where the writers are

"Moderation is a fatal thing.
Nothing succeeds like excess." -- Oscar Wilde

When I was in New York on business for Playboy would put me up at the Plaza or the Waldorf Astoria.  But I preferred the Waldorf because the building is such an Art Deco marvel.  I'd wander around by myself at night exploring closed off auditoriums, ballrooms, the swimming pool and the illustrious Starlight Roof.  Every turn revealed a wonder.  Byzantine mosaics alive with dragons and serpents.  Mirrored hallways where coils of cast iron formed trunk and bough and curled off to encapsulate the sections of reflective glass as it branched out and sprouted leaves and blossoms.  Art Deco spiders wove  luxurious webs and vigorous grapevine heavy with fruit entwined along the border.  There were rooms that were thick with gold brocade, flocked wallpaper, Tiffany chandeliers and ceilings painted as elaborate skyscapes.  Inevitably I'd hear the crackling of a two-way radio and security would present itself and demand to know why I was wandering around in closed areas at 2:30 in the morning.

During the day I'd do my Playboy stuff, but during the mid-seventies NYC offered up a throbbing nighttime underground music scene awash in narco-transsexualism and screaming in nihilistic punk resolve.  Who was I to say no?  Besides I had a tour guide.

My friend, Bob Rudnick had a column in Circus, a rock 'n' roll magazine.  Rudnick had always been involved in the music business.  As a radio DJ, as a writer and as an MC, not to mention his own dynamic.  One night in Detroit he introduced me to David Bowie.  He got Joey Ramone to endorse my comic book character, Snappy Sammy Smoot, in the pages of Circus.  With Rudnick I met and hung out with a wealth of rock and jazz musicians during the mid seventies.

Rudnick says "Tonight we're going to CBGB with Legs O'Neil and his girlfriend, Sue Williams.  Some members of Television and Lou Reed's band are gonna jam with Patti Smith."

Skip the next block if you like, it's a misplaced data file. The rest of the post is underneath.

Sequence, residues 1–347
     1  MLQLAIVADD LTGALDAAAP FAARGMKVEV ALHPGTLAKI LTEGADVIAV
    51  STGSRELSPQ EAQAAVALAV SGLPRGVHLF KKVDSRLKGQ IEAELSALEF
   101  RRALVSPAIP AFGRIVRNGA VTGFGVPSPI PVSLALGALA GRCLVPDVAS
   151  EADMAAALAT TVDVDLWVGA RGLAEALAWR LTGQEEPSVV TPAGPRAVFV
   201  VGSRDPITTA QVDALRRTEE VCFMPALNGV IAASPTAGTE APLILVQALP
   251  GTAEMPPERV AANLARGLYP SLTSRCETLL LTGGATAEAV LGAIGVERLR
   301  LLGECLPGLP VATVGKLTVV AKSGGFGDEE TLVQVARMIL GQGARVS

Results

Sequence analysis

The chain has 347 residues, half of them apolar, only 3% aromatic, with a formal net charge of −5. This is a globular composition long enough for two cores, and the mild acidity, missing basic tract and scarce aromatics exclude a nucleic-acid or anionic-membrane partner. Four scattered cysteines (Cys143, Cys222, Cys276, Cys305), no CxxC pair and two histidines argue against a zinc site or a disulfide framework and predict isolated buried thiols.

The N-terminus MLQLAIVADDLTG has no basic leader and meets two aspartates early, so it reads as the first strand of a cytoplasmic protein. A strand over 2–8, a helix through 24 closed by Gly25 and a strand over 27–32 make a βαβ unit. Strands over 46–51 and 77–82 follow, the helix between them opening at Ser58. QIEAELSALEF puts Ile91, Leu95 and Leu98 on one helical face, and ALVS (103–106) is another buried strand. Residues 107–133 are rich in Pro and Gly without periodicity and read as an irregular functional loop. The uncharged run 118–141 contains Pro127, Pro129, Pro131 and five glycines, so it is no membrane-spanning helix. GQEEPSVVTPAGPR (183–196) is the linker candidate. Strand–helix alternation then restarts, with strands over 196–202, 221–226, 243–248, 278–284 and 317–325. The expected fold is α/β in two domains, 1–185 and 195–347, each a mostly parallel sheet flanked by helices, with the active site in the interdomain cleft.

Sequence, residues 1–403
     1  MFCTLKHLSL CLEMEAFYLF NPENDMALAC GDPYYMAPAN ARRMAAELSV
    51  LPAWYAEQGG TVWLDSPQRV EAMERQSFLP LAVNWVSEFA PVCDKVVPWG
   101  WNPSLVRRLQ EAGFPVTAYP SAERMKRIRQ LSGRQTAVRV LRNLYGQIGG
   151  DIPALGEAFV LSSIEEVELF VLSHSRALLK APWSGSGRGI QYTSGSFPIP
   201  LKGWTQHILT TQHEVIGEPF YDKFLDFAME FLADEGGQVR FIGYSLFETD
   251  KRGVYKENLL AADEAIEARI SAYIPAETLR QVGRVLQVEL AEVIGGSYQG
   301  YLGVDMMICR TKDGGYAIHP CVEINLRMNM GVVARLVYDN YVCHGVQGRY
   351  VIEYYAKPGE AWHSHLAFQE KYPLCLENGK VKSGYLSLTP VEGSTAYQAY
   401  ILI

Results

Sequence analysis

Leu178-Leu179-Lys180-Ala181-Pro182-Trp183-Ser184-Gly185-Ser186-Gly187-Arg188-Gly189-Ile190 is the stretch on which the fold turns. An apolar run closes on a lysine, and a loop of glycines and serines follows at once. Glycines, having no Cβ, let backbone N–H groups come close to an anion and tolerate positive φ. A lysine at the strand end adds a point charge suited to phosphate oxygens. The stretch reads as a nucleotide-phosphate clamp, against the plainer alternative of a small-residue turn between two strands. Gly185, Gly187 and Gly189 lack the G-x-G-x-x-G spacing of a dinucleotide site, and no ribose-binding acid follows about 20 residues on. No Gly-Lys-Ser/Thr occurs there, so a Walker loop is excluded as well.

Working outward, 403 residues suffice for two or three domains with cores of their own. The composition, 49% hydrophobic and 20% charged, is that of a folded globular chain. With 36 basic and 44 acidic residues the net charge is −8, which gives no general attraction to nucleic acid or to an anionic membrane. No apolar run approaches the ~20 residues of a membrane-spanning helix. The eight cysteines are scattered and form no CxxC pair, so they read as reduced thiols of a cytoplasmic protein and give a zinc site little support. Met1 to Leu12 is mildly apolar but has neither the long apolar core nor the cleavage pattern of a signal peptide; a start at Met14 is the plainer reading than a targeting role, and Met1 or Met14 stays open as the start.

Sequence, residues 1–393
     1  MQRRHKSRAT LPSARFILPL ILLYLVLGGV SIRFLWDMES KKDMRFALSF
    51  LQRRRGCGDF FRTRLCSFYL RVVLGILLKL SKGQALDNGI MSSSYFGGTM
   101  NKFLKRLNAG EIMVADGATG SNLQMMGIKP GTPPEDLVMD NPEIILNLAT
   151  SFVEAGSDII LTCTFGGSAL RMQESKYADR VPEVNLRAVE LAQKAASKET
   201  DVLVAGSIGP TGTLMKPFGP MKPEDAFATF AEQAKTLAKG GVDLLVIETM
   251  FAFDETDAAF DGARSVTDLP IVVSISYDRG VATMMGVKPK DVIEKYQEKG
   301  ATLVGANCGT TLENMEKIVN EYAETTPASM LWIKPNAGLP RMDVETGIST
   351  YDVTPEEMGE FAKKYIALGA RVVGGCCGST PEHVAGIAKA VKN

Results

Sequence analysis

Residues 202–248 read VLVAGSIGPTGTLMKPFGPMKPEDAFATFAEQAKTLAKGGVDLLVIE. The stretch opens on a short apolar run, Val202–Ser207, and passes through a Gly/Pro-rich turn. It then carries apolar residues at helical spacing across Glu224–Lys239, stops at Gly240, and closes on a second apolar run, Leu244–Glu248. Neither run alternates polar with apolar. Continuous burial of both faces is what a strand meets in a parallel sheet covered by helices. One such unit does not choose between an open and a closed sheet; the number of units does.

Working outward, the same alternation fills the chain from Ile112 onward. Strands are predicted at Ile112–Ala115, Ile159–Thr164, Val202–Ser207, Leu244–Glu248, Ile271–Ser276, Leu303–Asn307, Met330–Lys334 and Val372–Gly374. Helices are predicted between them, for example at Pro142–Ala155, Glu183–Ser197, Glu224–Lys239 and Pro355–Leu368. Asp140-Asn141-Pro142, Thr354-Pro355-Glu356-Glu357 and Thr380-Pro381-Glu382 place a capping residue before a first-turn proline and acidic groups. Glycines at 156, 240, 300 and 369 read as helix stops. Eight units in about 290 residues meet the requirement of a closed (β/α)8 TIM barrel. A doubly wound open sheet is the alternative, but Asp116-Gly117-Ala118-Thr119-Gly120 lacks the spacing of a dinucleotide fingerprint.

Legs O'Neil was a NYC punk rock promoter and manager.  His best known band was New York City's in-your-face answer to the "Sex Pistols", "The Dead Boys".  On the following Friday he was opening his own nightclub, the Mudclub.  The Mudclub would reign for ten years as New York's hottest slash-and-burn music club.

We arrived at CBGB before the O'Neil entourage but the Dead Boys were there, fluorescent-colored spiked hair, zippered black-leather jackets, ripped up jeans.  And they were beat to shit.  Black eyes, stitched gashes, bruises, abrasions, busted lips and broken teeth.  Earlier in the week they were all on the subway when an Hispanic youth gang took sport in beating and stabbing them so that they nearly were (really) the Dead Boys.  I played a little pinball with Stiv Bators until Legs showed.

When O'Neil and his crew arrived most of them followed him to the back.  But Rudnick and I stayed at the bar.  There was some drinking to be done and I was on an expense account. 

Leg's girlfriend, Sue, didn't skitter to the back with the boys but slouched into a chair at a table directly across from us.  She caught my eye immediately but she sure wasn't paying any attention to me.

She was thin and small, cute in a sullen way.  Short, dusky hair and large dark eyes.  She was wearing a boat-necked, long-sleeved t-shirt with wide horizontal red and white stripes.  She had on tight black jeans and black spiked-heel boots.

Reflexively, my genitals began to warm and my pulse increased. Hippies are full of romantic meat-hooks on which to impale primal thought.  Punks, on the other hand, engorged with choleric rage and malevolent antipathy, cannot comprehend sentimental drivel and mawkish behavior.